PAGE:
Trial by Fire is the third book in the Shadows of London series. The books are intended to be read in order and this review will naturally reveal plot points for the series.
As a registered latent, Dom’s life hasn’t been easy. From his childhood surrounded by mobsters, to his time in the military, everyone has always had an agenda where Dom is concerned. Working at Kempthorne & Co has become a home to Dom and it’s where he wants to be. He especially wants to be near his boss, Alexander Kempthorne, and the atmosphere becomes alive when the two are near each other. But Dom can only dream about being with Alexander as he knows the man is way out of his league and Dom knows only bad things happen to people that get too close to him.
But bad things are happening all around London and dark secrets are threatening to spill out. The mysterious “M” has the men cornered and Alexander is trying to save Dom, but all of his connections aren’t working. Dom thinks he’s on his own once again, but Alexander needs Dom more than Dom knows and Alexander is even considering revealing everything to save Dom. It’s hard to know who to trust and the men know they can’t trust Kage Mitchell anymore as his allegiances lie elsewhere, but their lives still overlap. Time is running out for Dom and Alexander and maybe Kage as well and if “M” gets their way, the men will won’t be able to find their way out of a never ending quest for power.
This book picks up where Tide of Tricks left off. The series has a story and relationships that reach through all of the books and the series should be read in order. Dom was not in a good place when we left him at the end of book two, as he became unstable and was taken into custody and the crew at Kempthorne & Co can’t get him out without bringing more unwanted attention to them. It’s getting to the point that all of Alexander’s secrets will be revealed and unraveled and Alexander is almost ready to step more into the spotlight to save Dom.
Trial by Fire gives us Alexander’s point of view, which we haven’t had in the past. It was greatly needed to move the story along and it was intriguing seeing the world through his eyes. His life has never been his own and his childhood is one of abuse and torture and he has had to keep all the parts of himself hidden for so long. The story came together more for me here as the plot points were put together in an accessible way. The tension between Dom and Alexander reaches an all time high and seeing them move their relationship along was rewarding, but they are certainly not on stable ground yet.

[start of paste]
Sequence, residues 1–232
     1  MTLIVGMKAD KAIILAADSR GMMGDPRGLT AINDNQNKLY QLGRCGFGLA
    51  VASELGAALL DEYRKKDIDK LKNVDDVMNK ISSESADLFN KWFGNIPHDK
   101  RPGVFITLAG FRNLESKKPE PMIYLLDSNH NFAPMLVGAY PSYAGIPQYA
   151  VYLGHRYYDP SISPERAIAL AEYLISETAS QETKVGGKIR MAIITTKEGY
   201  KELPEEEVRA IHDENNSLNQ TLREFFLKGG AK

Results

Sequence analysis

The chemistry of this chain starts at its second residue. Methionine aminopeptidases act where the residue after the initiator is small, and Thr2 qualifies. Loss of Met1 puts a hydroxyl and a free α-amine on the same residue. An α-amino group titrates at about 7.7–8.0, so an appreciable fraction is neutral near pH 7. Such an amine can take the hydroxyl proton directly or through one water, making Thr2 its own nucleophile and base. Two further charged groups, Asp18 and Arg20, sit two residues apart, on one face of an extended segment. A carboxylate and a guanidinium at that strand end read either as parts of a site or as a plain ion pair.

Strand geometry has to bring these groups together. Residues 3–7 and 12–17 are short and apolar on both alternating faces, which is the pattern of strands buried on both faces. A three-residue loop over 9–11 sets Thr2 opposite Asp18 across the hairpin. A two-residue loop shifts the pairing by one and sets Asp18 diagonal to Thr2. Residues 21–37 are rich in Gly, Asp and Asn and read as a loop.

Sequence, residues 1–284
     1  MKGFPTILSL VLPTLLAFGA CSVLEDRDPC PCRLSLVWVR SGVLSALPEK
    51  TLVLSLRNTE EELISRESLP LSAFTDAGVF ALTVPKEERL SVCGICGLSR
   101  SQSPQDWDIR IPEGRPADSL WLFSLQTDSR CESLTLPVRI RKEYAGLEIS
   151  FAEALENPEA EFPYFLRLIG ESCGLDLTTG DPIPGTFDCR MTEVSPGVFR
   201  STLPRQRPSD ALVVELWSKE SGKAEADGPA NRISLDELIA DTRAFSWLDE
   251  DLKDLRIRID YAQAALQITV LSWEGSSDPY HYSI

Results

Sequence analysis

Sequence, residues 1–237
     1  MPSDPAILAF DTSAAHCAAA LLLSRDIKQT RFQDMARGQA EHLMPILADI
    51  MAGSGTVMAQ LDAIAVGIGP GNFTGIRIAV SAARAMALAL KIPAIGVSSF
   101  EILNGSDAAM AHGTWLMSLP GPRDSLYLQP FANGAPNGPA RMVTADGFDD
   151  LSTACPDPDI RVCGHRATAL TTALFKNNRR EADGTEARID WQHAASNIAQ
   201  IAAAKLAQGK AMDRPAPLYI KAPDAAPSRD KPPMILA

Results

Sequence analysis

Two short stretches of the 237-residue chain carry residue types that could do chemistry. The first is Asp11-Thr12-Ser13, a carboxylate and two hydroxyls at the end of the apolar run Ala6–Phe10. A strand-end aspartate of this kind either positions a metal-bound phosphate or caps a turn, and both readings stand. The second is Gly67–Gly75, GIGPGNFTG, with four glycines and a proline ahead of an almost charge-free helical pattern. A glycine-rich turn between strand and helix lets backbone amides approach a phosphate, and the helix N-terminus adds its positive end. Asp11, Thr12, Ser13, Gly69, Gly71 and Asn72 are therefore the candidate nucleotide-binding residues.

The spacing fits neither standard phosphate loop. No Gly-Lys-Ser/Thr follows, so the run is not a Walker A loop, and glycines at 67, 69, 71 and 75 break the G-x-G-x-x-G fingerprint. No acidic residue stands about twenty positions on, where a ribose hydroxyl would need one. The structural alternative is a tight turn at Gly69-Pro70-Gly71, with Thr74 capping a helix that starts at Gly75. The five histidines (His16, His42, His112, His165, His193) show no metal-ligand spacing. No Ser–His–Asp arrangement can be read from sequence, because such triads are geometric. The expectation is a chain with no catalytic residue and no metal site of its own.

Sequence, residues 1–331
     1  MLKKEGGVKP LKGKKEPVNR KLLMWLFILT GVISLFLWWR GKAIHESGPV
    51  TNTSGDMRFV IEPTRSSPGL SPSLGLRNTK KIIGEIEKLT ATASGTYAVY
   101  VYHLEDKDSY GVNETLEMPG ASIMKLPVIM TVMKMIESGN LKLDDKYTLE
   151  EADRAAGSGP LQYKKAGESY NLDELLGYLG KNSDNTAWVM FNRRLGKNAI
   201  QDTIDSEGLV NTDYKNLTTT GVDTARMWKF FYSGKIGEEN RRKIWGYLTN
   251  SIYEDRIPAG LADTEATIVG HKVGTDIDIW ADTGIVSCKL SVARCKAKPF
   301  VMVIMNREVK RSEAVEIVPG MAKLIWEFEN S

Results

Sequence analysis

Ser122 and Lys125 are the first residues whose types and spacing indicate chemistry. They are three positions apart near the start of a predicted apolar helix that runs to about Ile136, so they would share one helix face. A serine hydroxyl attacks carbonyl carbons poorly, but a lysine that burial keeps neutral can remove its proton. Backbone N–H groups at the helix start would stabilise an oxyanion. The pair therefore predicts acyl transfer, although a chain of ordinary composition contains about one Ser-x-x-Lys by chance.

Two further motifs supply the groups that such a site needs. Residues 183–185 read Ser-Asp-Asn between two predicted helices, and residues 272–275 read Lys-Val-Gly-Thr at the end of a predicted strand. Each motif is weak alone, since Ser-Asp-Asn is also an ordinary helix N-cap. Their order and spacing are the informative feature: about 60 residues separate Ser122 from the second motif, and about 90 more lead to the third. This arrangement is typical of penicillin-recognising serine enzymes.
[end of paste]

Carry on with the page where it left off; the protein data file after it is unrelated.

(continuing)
The mysterious “M” is revealed and, while that’s not my favorite type of storyline, the story takes great strides forward with action and pivotal scenes. Kage is back again as well, and Dom and Alexander always questioned whether they could trust him and Kage makes some moves here that allow the men to see more of his motives. Kage is American and I can’t say that I enjoy what is done with his character. For me, it reads as if Kage is American to highlight all the potential things not to like about Americans and it really detracts from my reading experience.
This book and this series are filled with action and secrets and psychic energy and dark forces that threaten the men again and again. A highlight here was definitely seeing Alexander and Dom move their relationship forward and, with two more books in the series, there is a lot more for the men to uncover about each other and about the trying to survive as latents.